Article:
They also demand that the Special Branch officers responsible for processing applications for police permits be sent for religious and race-sensitivity training and nation-building courses.

Suhakam was asked to work with the organisers to hold a similar programme at the National Mosque.

The seminar – entitled ‘United for Water: Religions Speak on the Human Rights to Water’, aimed at shoring up people’s sacred right to clean and affordable water – was eventually held last Saturday in Brickfields.

Memorandum to Suhakam on Abuse, Misuse of Police Powers

We the organizers of the national event: United for Water: Religions Speak on the Human Right to Water are here to file a formal complaint with the Malaysian Human Rights Commission on the conduct of the Special Branch based in Dang Wangi Police Station located in Jalan Stadium.

In our view, the Special Branch and/or outside parties manufactured information to create a situation of fear, uneasiness and uncertainty leading to the National Mosque officials deciding not to host the meeting at the National Mosque in spite of having earlier agreed to the event being held there.

We find such actions bordering on total disrespect and an attempt to thwart civil society efforts to deliberate and discuss issues confronting society. In fact the SB held the Masjid Negara at ransom with their disinformation.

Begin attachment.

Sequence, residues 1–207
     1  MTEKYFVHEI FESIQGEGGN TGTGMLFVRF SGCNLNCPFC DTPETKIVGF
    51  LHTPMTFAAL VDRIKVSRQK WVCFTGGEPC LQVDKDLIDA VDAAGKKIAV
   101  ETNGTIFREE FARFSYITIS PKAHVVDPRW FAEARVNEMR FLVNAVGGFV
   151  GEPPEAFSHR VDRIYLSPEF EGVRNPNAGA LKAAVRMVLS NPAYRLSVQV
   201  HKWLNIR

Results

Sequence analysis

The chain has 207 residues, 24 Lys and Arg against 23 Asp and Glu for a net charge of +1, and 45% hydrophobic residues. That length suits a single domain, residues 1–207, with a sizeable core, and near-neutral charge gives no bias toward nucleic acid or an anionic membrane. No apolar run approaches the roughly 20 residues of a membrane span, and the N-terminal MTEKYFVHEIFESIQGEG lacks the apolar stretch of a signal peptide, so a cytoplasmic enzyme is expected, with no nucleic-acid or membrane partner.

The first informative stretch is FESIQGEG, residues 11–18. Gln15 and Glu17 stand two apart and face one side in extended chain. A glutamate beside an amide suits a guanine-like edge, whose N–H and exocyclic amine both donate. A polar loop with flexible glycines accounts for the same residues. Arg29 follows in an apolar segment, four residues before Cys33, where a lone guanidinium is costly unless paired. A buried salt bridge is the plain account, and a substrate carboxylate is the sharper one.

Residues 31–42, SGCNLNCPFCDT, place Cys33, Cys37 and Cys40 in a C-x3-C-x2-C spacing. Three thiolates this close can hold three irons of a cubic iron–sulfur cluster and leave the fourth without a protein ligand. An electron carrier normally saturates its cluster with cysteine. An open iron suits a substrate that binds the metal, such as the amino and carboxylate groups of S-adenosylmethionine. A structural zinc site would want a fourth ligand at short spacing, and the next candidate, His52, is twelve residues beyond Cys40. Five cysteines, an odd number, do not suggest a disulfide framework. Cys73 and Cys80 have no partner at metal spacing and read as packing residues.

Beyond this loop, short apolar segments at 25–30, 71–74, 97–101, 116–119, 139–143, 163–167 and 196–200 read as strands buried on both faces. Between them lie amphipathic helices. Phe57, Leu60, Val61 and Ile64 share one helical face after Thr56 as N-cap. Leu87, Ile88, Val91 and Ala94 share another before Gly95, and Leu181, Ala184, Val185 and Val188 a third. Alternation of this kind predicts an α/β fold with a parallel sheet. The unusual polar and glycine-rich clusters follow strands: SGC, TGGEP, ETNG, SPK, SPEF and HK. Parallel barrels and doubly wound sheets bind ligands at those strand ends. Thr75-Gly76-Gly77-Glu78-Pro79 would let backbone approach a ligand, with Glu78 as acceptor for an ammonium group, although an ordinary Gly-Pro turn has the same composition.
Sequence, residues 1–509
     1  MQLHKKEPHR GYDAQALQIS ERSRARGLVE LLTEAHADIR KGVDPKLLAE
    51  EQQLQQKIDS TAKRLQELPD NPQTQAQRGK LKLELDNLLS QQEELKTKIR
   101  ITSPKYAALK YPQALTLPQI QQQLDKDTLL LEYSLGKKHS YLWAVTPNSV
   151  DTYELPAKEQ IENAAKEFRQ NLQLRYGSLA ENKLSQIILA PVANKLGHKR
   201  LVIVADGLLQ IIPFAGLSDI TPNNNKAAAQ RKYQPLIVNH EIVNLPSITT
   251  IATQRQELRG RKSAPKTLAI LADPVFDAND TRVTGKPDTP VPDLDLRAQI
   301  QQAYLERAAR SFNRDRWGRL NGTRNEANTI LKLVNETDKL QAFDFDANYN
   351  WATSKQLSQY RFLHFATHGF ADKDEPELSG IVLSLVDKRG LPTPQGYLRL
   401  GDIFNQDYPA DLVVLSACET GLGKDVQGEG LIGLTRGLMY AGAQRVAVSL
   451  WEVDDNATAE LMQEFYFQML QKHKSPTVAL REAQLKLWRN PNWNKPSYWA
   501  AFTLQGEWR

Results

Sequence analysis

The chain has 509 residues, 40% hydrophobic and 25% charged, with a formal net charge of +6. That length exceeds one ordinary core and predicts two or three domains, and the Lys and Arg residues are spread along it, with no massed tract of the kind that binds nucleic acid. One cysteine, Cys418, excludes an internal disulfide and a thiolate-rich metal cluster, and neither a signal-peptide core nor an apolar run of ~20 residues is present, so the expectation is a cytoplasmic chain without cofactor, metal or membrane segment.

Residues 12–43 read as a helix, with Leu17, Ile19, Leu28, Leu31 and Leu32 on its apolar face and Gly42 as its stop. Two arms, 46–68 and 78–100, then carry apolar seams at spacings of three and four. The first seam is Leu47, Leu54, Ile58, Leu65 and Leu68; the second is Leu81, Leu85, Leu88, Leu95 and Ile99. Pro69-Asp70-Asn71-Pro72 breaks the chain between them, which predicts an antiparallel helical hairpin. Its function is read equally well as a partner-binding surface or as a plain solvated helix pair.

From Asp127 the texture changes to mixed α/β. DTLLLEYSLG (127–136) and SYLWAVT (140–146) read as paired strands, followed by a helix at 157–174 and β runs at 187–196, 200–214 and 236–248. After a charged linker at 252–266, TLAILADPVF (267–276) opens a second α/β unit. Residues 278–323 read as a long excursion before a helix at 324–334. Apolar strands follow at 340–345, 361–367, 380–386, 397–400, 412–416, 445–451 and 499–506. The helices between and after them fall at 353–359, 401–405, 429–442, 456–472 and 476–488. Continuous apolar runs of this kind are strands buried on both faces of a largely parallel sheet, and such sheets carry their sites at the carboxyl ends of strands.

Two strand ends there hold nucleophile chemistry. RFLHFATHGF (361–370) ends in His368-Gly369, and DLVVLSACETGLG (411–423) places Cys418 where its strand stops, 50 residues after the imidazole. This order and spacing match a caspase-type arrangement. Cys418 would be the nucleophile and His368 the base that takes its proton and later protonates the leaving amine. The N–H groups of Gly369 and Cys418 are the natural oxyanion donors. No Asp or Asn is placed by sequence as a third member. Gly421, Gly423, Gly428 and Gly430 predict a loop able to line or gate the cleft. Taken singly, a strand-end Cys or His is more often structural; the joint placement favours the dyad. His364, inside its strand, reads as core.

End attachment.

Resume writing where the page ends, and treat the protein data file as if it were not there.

Furthermore the conduct and actions of the SB demonstrated that they or the parties that gave them the instructions were unhappy that people of all faiths, and races are coming together to deliberate and discuss societal issues and future of the country.

In fact, the conduct of the police has promoted their desired outcome: more suspicion among Malaysians. Is this what the government’s desires?

Is it possible that that the police are acting on the behalf of business interests in the water sector?

It is a sad, that after 50 years of independence that the police force is dictating public policy. And civil society is at their mercy.

We are leading organizations in the country, representing the various faiths and communities. We are leaders of our communities. We manage temples, churches and gurdwara’s. The police have opportunistically linked us with demonstrations and protest. This we find unacceptable. Thus we demand an apology in order to clear our organizations good name.

We propose that SUHAKAM organize an urgent meeting between the Police, Masjid Negara Officials and us in order to unearth the truth and clear our names.

Syabas disconnects water supply to reconnect profit

The Malaysian Trade Union Congress (MTUC) has accused water concessionaire Syabas of making profits by carrying out massive water supply disconnections.

According to MTUC president Syed Shahir Syed Mohamud, over the past two years, there have been a total of 500,820 water disconnections by Syabas in Selangor, Kuala Lumpur and Putrajaya.